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What Is Wardriving?

A wardriver is used to find open wireless network signals.
People may use wardriving with the intent of committing computer fraud.
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  • Written By: Mary Elizabeth
  • Edited By: Bronwyn Harris
  • Last Modified Date: 10 September 2014
  • Copyright Protected:
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The term wardriving was based on the term wardialing, and neither has anything to do with war. Wardialing is an outdated practice popularized by the movie War Games, in which one dialed random phone numbers to try to find an answer modem. Wardriving refers to the practice of navigating an area while seeking unprotected Wireless LAN (WLAN), also called 802.11, networks. Peter Shipley developed what is known as the current version of wardriving in April 2001, being the first to use software and GPS location data in his wardriving efforts.

There are all kinds of wardrivers. Some wardrivers adhere to a code of ethics and even go to lengths to make sure they do not unintentionally connect with an open, unsecured network. Others may not even use sophisticated software, but may simply park or stop on a neighborhood street and see if any unsecured networks pop up on their wireless connection listing, with the intent of hijacking them. Still others may be seeking to break into devices on the network, either to steal information or to implant malware.

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Wardriving provides direct data about networks and Internet usage. It can be done from a vehicle, on foot, on a bicycle, or in an airplane. It is generally considered that researching networks is not illegal, and a special agent of the FBI (Federal Bureau of Investigation) in the United States has said that it may not be a criminal violation if the network is merely noted. If, however, the network is accessed, there may be a variety of criminal violations, depending on what exactly is done. These may range form theft of services—simply accessing the network and using it for one’s own purposes—to misuse of computing resources, interception of communications, but also violation of Theft of Trade Secrets, and the Federal Computer Fraud and Abuse Statute.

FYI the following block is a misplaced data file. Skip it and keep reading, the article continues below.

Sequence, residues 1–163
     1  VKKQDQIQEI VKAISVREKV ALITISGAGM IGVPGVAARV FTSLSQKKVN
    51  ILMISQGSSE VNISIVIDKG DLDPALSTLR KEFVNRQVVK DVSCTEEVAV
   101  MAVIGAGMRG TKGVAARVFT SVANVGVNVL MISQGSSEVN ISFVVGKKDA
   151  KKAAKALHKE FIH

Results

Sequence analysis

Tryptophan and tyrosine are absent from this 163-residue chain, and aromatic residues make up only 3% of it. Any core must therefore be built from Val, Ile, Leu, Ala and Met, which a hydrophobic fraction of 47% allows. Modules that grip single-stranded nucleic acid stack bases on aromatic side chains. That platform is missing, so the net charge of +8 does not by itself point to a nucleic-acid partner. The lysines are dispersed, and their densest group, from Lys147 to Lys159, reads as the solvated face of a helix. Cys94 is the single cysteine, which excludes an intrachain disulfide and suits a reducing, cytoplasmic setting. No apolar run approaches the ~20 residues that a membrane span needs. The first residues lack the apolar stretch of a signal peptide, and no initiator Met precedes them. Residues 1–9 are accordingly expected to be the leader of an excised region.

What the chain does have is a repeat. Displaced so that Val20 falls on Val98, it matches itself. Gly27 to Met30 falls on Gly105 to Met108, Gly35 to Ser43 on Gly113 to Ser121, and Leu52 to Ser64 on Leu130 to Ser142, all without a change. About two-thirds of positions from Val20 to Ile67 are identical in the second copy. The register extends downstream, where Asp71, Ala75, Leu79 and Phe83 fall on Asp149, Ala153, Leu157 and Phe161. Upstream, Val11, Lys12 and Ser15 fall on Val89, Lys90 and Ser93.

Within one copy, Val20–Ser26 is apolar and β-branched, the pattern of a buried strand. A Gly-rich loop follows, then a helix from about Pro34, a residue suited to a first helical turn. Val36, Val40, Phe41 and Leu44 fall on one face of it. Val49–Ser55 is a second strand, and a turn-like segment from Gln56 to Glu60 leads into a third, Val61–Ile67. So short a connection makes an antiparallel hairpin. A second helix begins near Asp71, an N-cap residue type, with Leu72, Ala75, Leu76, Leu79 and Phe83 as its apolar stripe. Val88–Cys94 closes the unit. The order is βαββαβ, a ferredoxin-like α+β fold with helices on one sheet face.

Since a network owner cannot know whether a someone wardriving and finding an unsecured network will merely log it, steal services, or try to break into the devices connected to it, both the FBI and the FTC (Federal Trade Commission) recommend securing one’s wireless network. In order to do this, it is prudent to take steps such as using encryption, with WPA (WiFi Protected Access) being recommended over WEP (Wired Equivalent Privacy); using a firewall, as well as anti-virus software and anti-spyware; altering the default router identification and the preset administrator’s password; and specifying the devices allowed to access one’s wireless network. It is also recommended that one shut down one’s wireless network when it will not be used for a time. In some countries, the responsibility for breaking into a wireless network can be shared between the wardriver and the network owner. In Germany, people who do not password protect their wireless networks can be fined as much as 100 Euros.

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